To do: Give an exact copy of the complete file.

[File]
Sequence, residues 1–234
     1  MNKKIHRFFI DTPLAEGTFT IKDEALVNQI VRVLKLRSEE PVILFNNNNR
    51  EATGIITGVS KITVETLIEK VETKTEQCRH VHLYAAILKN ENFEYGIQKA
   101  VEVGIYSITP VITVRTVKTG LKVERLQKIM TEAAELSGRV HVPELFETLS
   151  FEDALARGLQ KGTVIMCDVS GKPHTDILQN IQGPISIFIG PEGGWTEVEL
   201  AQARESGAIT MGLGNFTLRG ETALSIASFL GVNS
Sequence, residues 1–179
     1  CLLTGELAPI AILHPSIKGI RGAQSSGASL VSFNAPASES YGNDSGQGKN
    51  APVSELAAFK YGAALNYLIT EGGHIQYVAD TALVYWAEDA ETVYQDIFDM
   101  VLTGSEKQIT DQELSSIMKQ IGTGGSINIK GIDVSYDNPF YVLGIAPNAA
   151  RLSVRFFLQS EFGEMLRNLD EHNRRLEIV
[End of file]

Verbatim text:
Sequence, residues 1–234
     1  MNKKIHRFFI DTPLAEGTFT IKDEALVNQI VRVLKLRSEE PVILFNNNNR
    51  EATGIITGVS KITVETLIEK VETKTEQCRH VHLYAAILKN ENFEYGIQKA
   101  VEVGIYSITP VITVRTVKTG LKVERLQKIM TEAAELSGRV HVPELFETLS
   151  FEDALARGLQ KGTVIMCDVS GKPHTDILQN IQGPISIFIG PEGGWTEVEL
   201  AQARESGAIT MGLGNFTLRG ETALSIASFL GVNS
Sequence, residues 1–179
     1  CLLTGELAPI AILHPSIKGI RGAQSSGASL VSFNAPASES YGNDSGQGKN
    51  APVSELAAFK YGAALNYLIT EGGHIQYVAD TALVYWAEDA ETVYQDIFDM
   101  VLTGSEKQIT DQELSSIMKQ IGTGGSINIK GIDVSYDNPF YVLGIAPNAA
   151  RLSVRFFLQS EFGEMLRNLD EHNRRLEIV